Banner system met with approval, despite complications

by Beacon Staff • September 23, 2009

Emerson students were given one more thing to memorize this semester when the college integrated the Banner system, a step that was necessary in order to replace the college's 20-year-old administrative systems, said Vice-President of Information

and Technology William Gilligan.,That author's birth date and death. The combination to your Piano Row mail lock. Now, a new student ID number.

Emerson students were given one more thing to memorize this semester when the college integrated the Banner system, a step that was necessary in order to replace the college's 20-year-old administrative systems, said Vice-President of Information

and Technology William Gilligan.

Banner is an administrative suite that lets students add and drop classes, register their hours for payroll and make financial payments to the school. It runs many applications from a single database and is used at both small and large schools.

Other features of the program include giving students access to an unofficial transcript, allowing address changes, and the ability to look up grades and holds.

Some students feel that more information on the program before the system switch would have been helpful, and said they think that the system has too many problems, like going down unexpectedly. Junior Arielle Waldman said she has mixed feelings about Banner, especially with getting a new ID to remember.

"I never memorized my old one, and now it's 10 numbers long," said the writing, literature and publishing major. The old student ID numbers were six numbers. "I think it's frustrating for the freshmen. And when I did my registration, it froze."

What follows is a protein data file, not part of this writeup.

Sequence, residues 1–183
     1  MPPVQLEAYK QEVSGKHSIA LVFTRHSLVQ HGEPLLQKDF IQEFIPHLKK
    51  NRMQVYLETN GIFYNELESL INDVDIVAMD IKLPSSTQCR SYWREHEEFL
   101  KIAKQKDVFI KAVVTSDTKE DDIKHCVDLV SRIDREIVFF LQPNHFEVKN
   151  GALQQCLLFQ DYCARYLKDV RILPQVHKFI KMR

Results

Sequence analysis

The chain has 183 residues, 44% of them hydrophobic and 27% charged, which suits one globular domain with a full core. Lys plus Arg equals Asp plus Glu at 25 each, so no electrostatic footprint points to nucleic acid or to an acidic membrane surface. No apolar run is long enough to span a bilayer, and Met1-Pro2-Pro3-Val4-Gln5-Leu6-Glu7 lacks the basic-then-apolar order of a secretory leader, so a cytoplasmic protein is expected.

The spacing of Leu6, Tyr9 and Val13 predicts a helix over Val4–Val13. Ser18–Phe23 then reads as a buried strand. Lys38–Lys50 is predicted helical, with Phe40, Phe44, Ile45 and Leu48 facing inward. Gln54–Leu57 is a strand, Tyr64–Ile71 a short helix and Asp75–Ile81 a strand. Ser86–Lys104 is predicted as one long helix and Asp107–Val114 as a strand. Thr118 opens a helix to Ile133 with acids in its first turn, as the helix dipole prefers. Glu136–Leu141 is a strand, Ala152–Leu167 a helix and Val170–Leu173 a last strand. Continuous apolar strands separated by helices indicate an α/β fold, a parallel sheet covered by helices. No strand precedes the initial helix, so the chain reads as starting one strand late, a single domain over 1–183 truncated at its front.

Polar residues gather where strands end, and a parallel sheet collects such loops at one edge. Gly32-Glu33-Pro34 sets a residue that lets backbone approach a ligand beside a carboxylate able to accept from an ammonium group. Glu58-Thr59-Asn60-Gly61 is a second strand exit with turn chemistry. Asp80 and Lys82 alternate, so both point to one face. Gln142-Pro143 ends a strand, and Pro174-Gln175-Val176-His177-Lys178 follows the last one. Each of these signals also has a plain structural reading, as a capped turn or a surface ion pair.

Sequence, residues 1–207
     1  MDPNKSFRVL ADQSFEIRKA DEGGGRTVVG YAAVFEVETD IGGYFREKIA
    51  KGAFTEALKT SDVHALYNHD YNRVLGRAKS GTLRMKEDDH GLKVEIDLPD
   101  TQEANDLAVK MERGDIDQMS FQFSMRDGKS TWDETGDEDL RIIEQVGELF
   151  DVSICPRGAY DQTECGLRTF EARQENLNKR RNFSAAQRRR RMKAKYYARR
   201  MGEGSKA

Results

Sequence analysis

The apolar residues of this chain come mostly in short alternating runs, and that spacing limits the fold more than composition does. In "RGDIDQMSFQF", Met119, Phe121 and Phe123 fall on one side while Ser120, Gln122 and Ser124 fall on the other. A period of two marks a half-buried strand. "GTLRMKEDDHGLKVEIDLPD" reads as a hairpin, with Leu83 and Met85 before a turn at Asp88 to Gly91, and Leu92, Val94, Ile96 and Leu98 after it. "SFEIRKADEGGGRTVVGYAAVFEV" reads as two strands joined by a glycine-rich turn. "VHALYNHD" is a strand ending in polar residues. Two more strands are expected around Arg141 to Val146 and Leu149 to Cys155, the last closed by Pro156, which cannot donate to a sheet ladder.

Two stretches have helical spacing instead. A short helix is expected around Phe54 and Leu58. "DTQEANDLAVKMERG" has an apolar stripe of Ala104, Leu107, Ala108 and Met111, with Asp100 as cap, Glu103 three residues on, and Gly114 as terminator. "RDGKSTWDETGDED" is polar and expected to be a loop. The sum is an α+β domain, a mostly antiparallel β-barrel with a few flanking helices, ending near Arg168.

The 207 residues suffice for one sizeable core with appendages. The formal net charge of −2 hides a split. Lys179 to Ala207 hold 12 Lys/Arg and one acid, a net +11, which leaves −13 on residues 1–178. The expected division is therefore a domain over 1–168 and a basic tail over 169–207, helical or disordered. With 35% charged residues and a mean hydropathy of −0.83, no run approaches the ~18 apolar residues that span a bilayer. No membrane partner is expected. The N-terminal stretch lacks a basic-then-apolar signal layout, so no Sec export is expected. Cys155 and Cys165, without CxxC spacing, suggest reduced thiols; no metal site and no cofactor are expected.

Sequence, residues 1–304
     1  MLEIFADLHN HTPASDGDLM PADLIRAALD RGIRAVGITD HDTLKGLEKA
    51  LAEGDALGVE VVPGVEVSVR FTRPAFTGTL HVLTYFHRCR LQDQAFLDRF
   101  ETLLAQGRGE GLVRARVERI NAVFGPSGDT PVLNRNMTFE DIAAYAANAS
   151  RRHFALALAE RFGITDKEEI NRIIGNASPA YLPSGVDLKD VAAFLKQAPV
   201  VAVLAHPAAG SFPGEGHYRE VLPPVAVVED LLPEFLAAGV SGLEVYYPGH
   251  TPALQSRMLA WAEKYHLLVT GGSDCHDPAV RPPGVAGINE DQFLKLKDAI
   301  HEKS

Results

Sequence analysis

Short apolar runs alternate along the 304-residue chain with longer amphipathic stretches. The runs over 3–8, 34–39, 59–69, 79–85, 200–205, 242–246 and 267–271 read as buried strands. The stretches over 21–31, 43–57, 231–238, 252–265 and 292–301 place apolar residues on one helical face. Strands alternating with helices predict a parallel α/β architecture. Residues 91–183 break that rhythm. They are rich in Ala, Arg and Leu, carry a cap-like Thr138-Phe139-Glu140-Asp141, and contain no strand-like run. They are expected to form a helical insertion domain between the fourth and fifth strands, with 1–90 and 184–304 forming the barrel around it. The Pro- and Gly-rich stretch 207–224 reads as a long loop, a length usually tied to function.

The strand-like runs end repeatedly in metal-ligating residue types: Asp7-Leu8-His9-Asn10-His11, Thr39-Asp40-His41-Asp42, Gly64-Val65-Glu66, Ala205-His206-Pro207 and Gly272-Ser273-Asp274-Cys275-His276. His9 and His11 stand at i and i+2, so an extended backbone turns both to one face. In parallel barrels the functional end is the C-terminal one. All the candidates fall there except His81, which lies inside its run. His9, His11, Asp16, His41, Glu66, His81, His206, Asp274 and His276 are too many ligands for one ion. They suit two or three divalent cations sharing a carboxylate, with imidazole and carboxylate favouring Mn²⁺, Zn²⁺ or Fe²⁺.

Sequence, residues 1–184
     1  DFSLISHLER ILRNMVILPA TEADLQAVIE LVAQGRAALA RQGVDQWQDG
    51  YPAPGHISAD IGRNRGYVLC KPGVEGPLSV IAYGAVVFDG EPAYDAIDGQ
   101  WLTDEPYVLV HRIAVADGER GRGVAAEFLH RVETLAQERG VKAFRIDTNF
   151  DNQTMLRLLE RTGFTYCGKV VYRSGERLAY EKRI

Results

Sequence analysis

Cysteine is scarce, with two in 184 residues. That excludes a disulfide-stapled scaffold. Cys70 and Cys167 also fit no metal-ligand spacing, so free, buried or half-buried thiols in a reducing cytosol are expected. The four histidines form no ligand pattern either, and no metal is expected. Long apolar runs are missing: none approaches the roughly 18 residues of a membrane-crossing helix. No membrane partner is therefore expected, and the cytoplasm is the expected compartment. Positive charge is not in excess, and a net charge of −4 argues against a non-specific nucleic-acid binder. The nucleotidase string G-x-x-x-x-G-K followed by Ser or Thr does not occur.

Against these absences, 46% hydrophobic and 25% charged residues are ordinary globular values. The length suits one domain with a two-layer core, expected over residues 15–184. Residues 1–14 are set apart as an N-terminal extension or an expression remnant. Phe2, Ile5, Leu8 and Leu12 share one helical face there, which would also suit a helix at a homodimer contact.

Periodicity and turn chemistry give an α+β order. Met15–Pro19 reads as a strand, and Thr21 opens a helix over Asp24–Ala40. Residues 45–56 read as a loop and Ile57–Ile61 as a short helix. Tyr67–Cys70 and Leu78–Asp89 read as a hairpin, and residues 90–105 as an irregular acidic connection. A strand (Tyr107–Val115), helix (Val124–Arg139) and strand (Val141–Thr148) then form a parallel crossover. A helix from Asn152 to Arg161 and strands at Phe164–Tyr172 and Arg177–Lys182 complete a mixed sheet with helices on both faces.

Before the new program, students relied on Interactive Services and eCampus or were forced to schedule appointments with the student services department or department

heads in order to accomplish these tasks. Banner consolidates these administrative

sections onto one website so students

can access all of them at the same time and complete them electronically rather than waiting days or weeks to meet with someone.

Junior Sarah Ginsberg said Emerson didn't necessarily need a new system.

"It's a hassle to change over," said the film production major. "The new websites like eCommon are getting to be confusing."

But the majority of students seem to feel that every changeover has its inconveniences and that Banner is worth it, making tasks such as signing up for classes and paying their bills much easier.

Sophomore D.J. Switz transferred from Hofstra University this year and said he is already used to the system from his old school.

"I like it," the marketing communication

major said. "I don't have to schedule meetings and stuff."

Senior Bridget Ford agreed.

"I've had no trouble," said the visual media arts major."I can do my schedule and my timesheets."

Emerson signed a contract with Sungard, Banner's creator, during the summer of 2007, and the program first made its appearance at Emerson two years ago when the Banner finance system was launched online. It was followed within the last year by the student module, the section which allows students to register for classes and make payments to the school. This summer brought the advancement module, which controls alumni information and development, and the human resources module, which organizes human resources and payroll for students.

Gilligan said he felt the transition went smoothly.

"I am happy to say there were no major problems," he said. "A very talented team... [who] worked long hours over many months to make it as smooth a transition as the Banner consultants had ever seen."

Gilligan has heard little from students and is taking that as a good sign.

"There hasn't been much student feedback," he said. "I think that is a sign that things are working as planned."